I’ve got a PhD in Aladdin at this point. Not only have I seen the cartoon a million times, and the regrettable straight-to-DVD follow ups, but we saw the play in London last week, and the live-action remake the day after.

Aladdin is hands down my kids’ favorite movie and Jasmine is their favorite princess—so much so that we have a cat named after her. One of the highest compliments I’ve ever received was one night when I was going out to meet a friend and Eli told me I looked like Jasmine when she goes to the market.

On one level, I think that’s great considering Jasmine was the first Disney princess of color. On the other hand, I’ve always found that a little strange, because she isn’t that fully fleshed out in the original version and like a lot of Disney movies of that era, there are also some cultural issues, like the line in “Arabian Nights,” “It’s barbaric, but hey, it’s home!” Yikes.

I’ve been interested to see how Disney has been steadily making Aladdin more culturally appropriate and more feminist with each incarnation, especially considering there’s a real-life Mulan in the works.

The kids and I have had several days of comparing and contrasting the three versions of what we like most about them. I’m not the world’s biggest fan of the real-life remakes, I didn’t even see the Dumbo one which just looked weird in the previews. And I think Mary Poppins Returns was one of the worst things I’ve seen from Disney since Hercules.  And I have to say I don’t think Will Smith pulled off the Genie.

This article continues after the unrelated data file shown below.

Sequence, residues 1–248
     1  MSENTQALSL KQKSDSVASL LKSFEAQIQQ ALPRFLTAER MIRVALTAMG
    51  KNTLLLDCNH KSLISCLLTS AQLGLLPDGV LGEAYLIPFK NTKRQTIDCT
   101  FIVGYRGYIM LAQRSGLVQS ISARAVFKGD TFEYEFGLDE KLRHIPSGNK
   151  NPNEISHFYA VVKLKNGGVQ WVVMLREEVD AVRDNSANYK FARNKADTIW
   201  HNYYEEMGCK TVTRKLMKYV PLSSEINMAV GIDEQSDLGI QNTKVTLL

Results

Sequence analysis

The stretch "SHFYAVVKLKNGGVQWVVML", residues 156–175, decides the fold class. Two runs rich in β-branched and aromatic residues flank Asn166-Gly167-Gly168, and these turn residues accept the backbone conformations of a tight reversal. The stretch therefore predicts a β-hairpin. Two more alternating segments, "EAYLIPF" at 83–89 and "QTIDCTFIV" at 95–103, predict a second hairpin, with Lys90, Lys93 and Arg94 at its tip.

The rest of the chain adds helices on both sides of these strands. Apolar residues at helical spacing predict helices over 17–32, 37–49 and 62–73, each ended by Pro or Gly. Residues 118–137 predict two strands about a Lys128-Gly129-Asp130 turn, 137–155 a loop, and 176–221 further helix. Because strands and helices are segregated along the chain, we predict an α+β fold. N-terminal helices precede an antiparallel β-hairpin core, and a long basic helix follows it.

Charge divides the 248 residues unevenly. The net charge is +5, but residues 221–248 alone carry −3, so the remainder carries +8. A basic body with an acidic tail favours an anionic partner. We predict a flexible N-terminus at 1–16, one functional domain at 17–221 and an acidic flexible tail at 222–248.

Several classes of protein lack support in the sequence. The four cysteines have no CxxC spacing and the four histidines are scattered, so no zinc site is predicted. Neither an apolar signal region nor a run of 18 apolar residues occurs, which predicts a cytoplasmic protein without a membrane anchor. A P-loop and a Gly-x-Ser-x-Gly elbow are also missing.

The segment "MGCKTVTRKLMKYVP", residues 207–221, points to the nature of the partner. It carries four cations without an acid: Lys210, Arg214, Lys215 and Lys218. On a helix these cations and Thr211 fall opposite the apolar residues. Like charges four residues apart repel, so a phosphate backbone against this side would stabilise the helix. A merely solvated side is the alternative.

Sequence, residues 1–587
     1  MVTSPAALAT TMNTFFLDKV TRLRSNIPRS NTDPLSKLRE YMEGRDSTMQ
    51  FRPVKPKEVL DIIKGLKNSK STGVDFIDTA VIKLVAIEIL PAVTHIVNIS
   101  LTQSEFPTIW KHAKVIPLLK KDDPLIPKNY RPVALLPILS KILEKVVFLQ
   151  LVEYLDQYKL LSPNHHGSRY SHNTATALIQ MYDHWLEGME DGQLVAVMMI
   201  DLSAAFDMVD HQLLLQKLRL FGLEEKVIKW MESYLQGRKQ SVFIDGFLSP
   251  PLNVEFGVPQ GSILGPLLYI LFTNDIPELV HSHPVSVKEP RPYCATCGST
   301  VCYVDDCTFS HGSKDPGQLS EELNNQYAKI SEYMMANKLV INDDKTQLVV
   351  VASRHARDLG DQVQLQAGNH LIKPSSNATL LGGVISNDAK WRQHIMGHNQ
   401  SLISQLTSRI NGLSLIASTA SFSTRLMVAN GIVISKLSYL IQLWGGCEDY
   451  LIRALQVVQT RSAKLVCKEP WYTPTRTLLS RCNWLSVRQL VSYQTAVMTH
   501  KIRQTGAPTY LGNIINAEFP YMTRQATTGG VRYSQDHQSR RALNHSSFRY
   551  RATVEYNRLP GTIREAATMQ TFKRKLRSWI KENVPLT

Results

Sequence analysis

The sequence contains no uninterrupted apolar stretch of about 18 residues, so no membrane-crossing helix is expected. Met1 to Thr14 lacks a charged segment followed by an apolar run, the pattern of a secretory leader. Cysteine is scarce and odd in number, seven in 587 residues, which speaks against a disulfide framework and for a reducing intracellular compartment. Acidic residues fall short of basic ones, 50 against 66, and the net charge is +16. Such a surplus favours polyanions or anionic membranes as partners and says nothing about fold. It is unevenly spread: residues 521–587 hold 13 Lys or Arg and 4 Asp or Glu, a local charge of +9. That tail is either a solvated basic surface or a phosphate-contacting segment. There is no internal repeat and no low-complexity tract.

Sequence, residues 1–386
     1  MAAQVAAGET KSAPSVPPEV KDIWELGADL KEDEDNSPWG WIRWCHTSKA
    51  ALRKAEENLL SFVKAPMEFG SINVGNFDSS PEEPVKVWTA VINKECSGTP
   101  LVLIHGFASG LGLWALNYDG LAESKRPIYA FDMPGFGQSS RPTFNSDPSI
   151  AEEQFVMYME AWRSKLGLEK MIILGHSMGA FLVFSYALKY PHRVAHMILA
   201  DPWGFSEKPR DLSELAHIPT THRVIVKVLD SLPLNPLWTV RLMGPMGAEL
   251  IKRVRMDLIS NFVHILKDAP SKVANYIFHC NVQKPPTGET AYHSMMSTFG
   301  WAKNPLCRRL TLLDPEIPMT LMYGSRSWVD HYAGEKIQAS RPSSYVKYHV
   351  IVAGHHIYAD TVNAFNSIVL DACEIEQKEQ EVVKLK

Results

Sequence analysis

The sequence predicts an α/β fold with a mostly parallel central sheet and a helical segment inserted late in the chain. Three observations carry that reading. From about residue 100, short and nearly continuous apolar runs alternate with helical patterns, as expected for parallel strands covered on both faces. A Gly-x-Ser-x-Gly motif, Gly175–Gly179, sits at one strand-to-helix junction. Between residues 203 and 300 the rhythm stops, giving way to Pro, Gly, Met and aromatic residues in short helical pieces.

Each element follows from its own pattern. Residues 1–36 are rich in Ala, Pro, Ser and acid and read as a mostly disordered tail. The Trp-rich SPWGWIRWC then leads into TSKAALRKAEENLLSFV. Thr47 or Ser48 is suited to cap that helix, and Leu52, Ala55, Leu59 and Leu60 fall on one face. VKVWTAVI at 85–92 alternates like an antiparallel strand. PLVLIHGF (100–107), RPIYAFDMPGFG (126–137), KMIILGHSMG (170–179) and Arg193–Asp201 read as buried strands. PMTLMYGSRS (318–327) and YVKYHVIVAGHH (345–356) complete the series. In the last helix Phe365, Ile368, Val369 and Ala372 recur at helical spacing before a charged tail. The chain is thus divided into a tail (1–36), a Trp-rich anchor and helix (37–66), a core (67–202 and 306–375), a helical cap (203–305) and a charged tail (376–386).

But the new movie was a massive leap forward in feminism, even from the play which was a lot better than the cartoon. The truth is Aladdin is kind of a bro in the play. Worse: He’s a wannabe bro. There’s actually a line where Aladdin says Jasmine “owes him something” for showing the market. While the play made Jasmine more feminist, not wanting to be silenced, thinking she should be able to rule as Sultan herself, Aladdin was mostly untouched and it was hard to believe the romance.

A lot of that was scrubbed from the movie. It’s so many little things. When Aladdin falls into the harem of women in “One Jump,” he seems shy and uncomfortable in the new version, not leery. His insecurity was played up more than his bravado when he was pretending to be Prince Ali. “Barbaric” was finally changed to “chaotic” in the song. And Jasmine really comes off as the star of the movie; it’s as much her journey to be heard and rule in her own right, as much it is the story of Aladdin’s transformation.

The movie is also less classist. Jasmine wants to be queen not only because she shouldn’t have to marry, but because she wants to help her people. “A Whole New World” ends not looking at the Taj Mahal or the Great Wall, but by looking at the people of her country going about their everyday lives. She calls it the most beautiful sight of the whole journey.

She really becomes the heart of the film, not a bolt on. A princess worthy of my kids’ obsession and our cat being named after.

Today’s new questions on Chairman Mom:

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